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Reflections on the poet's youth. An apostrophe to Selma. Oscar obtains leave to go to Inis-thona, an island of Scandinavia. The mournful story of Argon and Ruro, the two sons of the king of Inis-thona. Oscar revenges their death, and returns in triumph to Selma. A soliloquy by the poet himself.

Our youth is like the dream of the hunter on the hill of heath. He sleeps in the mild beams of the sun: he awakes amidst a storm; the red lightning flies around: trees shake their heads to the wind! He looks back with joy on the day of the sun, and the pleasant dreams of his rest! When shall Ossian's youth return? When his ear delight in the sound of arms? When shall I, like Oscar, travel in the light of my steel? Come with your streams, ye hills of Cona! listen to the voice of Ossian. The song rises, like the sun, in my soul. I feel the joys of other times.

I behold thy towers, O Selma! the oaks of thy shaded wall: thy streams sound in my ear; thy heroes gather round. Fingal sits in the midst. He leans on the shield of Trenmor; his spear stands against the wall; he listens to the songs of his bards. The deeds of his arm are heard; the actions of the king in his youth! Oscar had returned from the chase, and heard the hero's praise. He took the shield of Branno  1 from the wall; his eyes were filed with tears. Red was the cheek of youth. His voice was trembling low. My spear shook its bright head in his hand: he spoke to Morven's king.

"Fingal! thou king of heroes! Ossian, next to him

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in war! ye have fought in your youth; your names are renowned in song. Oscar is like the mist of Cona; I appear and I vanish away. The bard will not know my name. The hunter will not search in the heath for my tomb. Let me fight, O heroes, in the battles of Inis-thona. Distant is the land of my war! ye shall not hear of Oscar's fall: some bard may find me there; some bard may give my name to song. The daughter of the stranger shall see my tomb, and weep over the youth, that came from afar. The bard shall say, at the feast, Hear the song of Oscar from the distant land!"

"Oscar," replied the king of Morven, "thou shalt fight, son of my fame! Prepare my dark-bosomed ship to carry my hero to Inis-thona. Son of my son, regard our fame; thou art of the race of renown: let not the children of strangers say, Feeble are the sons of Morven! Be thou, in battle, a roaring storm: mild as the evening sun in peace! Tell, Oscar, to Inis-thona's king, that Fingal remembers his youth; when we strove in the combat together, in the days of Agandecca."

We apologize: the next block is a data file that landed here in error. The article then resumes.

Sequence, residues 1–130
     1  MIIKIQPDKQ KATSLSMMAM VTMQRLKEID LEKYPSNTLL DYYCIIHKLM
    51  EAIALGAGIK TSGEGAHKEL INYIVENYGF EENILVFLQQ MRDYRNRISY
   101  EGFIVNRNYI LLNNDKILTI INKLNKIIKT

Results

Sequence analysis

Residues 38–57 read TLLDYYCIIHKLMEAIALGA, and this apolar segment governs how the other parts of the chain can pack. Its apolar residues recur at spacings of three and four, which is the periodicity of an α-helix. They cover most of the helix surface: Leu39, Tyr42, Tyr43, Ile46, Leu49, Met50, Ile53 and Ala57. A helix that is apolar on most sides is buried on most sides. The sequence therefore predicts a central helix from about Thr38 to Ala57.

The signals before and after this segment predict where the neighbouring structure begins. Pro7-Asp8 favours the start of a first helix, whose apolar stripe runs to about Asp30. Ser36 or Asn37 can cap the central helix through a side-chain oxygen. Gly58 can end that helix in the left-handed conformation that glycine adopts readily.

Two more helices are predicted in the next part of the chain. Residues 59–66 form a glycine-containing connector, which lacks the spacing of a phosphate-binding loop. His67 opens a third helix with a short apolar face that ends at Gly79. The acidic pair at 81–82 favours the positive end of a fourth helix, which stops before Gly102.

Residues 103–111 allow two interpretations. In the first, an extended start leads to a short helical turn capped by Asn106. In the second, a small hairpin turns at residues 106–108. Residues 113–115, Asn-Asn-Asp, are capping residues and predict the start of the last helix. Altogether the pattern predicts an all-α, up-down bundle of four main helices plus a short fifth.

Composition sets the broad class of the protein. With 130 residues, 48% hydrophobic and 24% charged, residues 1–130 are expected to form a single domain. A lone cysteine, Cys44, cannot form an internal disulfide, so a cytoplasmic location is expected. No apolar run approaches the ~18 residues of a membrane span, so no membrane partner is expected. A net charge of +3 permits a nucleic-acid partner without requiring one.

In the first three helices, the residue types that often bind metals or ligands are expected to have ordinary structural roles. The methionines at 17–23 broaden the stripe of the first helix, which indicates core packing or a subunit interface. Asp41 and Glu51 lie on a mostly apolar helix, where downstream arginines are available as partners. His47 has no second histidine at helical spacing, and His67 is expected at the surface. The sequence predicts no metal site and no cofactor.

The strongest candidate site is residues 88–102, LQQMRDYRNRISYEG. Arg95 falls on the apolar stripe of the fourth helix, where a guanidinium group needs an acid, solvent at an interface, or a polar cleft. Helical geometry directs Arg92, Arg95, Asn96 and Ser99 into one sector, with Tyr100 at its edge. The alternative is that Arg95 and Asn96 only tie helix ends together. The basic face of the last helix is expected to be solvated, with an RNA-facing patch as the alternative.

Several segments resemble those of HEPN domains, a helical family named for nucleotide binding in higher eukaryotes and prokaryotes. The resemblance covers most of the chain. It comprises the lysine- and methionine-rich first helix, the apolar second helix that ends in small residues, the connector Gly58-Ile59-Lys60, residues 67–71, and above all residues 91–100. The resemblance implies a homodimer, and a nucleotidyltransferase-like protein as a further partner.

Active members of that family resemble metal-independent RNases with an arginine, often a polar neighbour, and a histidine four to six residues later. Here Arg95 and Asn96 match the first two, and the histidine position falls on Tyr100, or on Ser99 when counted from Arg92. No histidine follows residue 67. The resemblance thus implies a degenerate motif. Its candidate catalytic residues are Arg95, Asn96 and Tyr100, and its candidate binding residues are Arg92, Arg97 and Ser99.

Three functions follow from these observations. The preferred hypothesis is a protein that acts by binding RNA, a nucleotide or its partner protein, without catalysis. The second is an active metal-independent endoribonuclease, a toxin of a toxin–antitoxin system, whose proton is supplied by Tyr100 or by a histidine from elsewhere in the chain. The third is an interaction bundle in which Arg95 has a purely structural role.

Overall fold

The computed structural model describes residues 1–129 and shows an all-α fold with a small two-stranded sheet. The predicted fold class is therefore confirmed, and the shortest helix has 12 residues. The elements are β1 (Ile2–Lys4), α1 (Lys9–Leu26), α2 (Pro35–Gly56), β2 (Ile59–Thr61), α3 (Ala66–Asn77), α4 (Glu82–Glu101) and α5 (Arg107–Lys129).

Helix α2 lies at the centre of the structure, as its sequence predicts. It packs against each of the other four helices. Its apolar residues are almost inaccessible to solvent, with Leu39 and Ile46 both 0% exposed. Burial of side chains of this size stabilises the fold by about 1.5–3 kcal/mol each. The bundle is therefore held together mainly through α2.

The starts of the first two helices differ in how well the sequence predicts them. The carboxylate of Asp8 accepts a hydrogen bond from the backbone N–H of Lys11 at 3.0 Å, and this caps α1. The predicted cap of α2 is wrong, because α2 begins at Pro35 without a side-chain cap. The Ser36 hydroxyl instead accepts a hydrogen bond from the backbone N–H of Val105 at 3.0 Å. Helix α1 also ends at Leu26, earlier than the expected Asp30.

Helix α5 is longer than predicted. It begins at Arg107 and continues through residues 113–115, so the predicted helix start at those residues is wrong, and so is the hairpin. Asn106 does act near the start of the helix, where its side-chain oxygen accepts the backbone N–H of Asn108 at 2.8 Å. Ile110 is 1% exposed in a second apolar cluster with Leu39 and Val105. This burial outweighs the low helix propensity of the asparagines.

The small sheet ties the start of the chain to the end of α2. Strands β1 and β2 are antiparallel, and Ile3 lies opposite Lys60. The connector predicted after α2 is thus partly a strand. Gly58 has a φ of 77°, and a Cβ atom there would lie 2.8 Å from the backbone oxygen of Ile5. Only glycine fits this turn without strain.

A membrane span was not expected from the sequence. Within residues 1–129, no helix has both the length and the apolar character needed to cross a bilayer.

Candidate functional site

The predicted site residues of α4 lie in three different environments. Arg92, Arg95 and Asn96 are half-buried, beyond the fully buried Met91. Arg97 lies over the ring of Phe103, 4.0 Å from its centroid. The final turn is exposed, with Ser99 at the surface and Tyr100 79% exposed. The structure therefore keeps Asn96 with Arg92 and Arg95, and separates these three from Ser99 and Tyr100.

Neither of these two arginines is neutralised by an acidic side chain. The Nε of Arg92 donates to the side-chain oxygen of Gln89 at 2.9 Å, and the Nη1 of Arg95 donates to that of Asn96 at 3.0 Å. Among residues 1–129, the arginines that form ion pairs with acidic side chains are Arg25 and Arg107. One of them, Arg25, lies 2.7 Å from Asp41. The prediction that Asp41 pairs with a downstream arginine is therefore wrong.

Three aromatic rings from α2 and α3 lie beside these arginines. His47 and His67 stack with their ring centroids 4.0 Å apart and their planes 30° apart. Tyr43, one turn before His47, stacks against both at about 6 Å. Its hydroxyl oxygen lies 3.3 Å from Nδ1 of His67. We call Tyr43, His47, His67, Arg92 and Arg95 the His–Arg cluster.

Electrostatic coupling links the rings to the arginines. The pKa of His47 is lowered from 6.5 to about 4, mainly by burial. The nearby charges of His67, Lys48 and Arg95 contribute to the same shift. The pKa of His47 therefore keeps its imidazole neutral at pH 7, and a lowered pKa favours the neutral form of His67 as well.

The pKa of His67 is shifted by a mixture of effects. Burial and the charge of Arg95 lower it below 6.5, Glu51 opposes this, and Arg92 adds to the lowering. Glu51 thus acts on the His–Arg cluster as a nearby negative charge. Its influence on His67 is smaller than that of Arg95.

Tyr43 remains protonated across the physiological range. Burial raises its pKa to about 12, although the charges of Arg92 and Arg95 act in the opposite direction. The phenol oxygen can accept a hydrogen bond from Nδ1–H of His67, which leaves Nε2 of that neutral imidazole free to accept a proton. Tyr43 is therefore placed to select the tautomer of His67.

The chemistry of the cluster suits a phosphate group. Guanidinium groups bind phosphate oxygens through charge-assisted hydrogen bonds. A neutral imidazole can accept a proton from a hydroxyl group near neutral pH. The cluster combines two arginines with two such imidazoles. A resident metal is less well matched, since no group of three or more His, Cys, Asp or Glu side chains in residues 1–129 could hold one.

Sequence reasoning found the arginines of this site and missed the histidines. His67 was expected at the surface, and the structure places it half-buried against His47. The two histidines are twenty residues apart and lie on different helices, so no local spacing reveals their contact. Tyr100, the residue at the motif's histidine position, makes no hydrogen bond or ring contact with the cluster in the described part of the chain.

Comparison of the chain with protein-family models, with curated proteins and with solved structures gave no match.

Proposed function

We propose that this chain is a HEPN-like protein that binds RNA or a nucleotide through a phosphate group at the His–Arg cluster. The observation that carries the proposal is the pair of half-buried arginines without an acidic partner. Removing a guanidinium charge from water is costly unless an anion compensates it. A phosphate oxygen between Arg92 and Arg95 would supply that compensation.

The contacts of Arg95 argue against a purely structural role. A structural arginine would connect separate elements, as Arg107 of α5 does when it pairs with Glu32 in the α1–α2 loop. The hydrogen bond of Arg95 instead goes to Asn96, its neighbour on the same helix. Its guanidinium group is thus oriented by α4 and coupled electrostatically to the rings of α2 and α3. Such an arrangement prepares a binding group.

They lifted up the sounding sail: the wind whistled through the thongs  1 of their masts. Waves lashed the oozy rocks: the strength of ocean roars. My son beheld, from the wave, the land of groves. He rushed into Runa's sounding bay, and sent his sword to Annir of spears. The gray-headed hero rose, when he saw the sword of Fingal. His eyes were full of tears; he remembered his battles in youth. Twice had they lifted the spear before the lovely Agandecca.: heroes stood far distant, as if two spirits were striving in winds.

"But now," began the king, "I am old; the sword lies useless in my hall. Thou who art of Morven's

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race! Annir has seen the battle of spears; but now he is pale and withered, like the oak of Lano. I have no son to meet thee with joy, to bring thee to the halls of his fathers. Argon is pale in the tomb, and Ruro is no more. My daughter is in the hall of strangers: she longs to behold my tomb. Her spouse shakes ten thousand spears; he comes a cloud of death from Lano. Come, to share the feast of Annir, son of echoing Morven?

Three days they feasted together. On the fourth, Annir heard the name of Oscar. They rejoiced in the shell.  1 They pursued the boars of Runa. Beside the fount of mossy stones the weary heroes rest. The tear steals in secret from Annir: he broke the rising sigh. "Here darkly rest," the hero said, "the children of my youth. This stone is the tomb of Ruro; that tree sounds over the grave of Argon. Do ye hear my voice, O my sons, within your narrow house? Or do ye speak in these rustling leaves, when the wind of the desert rises?"

"King of Inis-thona," said Oscar, "how fell the children of youth? The wild boar rushes over their tombs, but he does not disturb their repose. They pursue deer formed of clouds, and bend their airy bow. They still love the sport of their youth; and mount the wind with joy."